What special efforts are used in Minnesota DWI enforcement?

Prior to the Labor Day holiday we discussed the intense law enforcement presence on Minnesota roads seeking to enforce Minnesota drunk driving laws. Events, celebrations and holidays often bring increased patrols, as police think that more people will be out on the roads who may be impaired because of changes in routine associated with an event.

Minnesota courts have found DWI checkpoints to be unconstitutional in this state, although such roadblocks are authorized under the federal constitution. Our state courts essentially have found (based upon criminal defense arguments) that traffic stops that are made in the complete absence of a particularized suspicion of an offense violate the fundamental principle that the government is barred from unreasonable searches and seizures. A DWI roadblock is essentially a suspicionless stop used to fish for evidence.

In Minnesota, saturation patrols are one method that police use to increase DWI enforcement efforts. The extra officers look for minor violations, such as a broken taillight or a minor moving violation, to justify a traffic stop.

Often during these increased patrol efforts, police will focus on specified alleged violations. This year was no different. Over the Labor Day holiday, law enforcement agencies across the state sought to raise awareness of the important “Ted Foss Move Over Law,” according to the Duluth News Tribune.

Nobody wants our law enforcement officers to be killed while conducting their duties. The move over law requires that driver’s on a multi-lane road move over (or slow down if moving is impossible in traffic) for a stopped emergency vehicle with its lights flashing. The law was enacted after a state trooper was killed conducting a routine stop on I-90.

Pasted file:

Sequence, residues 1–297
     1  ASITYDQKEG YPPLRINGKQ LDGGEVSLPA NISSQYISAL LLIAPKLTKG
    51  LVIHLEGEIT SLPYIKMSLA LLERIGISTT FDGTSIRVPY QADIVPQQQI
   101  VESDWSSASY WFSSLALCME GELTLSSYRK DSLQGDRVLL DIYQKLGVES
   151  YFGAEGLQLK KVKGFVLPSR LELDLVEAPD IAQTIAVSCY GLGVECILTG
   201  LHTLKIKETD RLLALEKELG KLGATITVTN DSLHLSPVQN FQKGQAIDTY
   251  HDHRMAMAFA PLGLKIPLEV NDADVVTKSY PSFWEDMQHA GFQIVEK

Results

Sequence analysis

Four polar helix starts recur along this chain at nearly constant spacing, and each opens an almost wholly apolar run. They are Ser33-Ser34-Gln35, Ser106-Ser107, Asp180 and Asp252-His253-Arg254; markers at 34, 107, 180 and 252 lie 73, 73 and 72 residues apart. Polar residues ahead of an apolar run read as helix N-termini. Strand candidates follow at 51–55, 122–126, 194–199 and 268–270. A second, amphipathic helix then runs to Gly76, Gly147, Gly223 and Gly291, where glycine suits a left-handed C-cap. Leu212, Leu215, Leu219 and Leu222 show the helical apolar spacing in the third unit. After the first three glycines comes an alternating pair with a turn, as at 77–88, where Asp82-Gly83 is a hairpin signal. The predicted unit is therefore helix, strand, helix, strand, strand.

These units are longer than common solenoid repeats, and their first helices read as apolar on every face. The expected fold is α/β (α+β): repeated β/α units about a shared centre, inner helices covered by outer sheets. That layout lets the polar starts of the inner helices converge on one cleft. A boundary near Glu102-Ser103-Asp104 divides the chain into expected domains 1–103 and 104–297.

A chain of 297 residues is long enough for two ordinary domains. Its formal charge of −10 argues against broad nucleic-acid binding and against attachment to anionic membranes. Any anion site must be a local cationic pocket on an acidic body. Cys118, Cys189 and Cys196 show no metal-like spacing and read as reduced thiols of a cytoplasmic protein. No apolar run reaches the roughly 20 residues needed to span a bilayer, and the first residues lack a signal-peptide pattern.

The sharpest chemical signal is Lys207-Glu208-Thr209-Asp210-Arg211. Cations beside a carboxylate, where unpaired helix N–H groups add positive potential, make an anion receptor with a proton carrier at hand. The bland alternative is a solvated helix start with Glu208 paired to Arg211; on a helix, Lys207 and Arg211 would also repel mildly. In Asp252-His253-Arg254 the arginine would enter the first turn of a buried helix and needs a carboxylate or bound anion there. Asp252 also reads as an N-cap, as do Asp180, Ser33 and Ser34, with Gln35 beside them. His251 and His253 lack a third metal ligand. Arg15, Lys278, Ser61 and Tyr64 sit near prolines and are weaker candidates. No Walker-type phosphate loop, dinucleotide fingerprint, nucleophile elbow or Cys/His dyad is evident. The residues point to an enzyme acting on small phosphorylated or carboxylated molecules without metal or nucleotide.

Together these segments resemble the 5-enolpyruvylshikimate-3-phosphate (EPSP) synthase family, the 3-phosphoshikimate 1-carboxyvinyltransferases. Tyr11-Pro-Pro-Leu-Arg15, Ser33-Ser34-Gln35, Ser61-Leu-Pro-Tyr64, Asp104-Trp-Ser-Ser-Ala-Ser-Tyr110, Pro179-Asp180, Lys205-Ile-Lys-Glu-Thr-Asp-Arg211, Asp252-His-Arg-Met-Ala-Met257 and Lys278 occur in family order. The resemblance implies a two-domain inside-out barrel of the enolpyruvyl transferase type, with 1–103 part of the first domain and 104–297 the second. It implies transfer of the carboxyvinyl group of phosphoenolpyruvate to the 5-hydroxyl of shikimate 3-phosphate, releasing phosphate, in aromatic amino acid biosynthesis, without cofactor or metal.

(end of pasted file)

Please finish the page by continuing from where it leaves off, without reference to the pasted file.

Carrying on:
In states where sobriety checkpoints are authorized (38 states use the roadblocks according to the Governor’s Highway Safety Association), the United States Supreme Court has provided guidelines to maintain constitutional principles to protect free rights. Let’s hope that combining the move over law in Minnesota with DWI enforcement is not becoming a de facto roadblock without safeguards in its use to nab unsuspecting drivers who are surprised by a stopped emergency vehicle along a multi-lane road.

He has won jury trial cases in misdemeanor and felony cases and in DWI’s and non-DWI’s. He is a member of the Minnesota Society for Criminal Justice, which only allows the top 50 criminal defense attorneys in the state as members. He is a frequent speaker at CLE’s and is often asked for advice by other defense attorneys across Minnesota.

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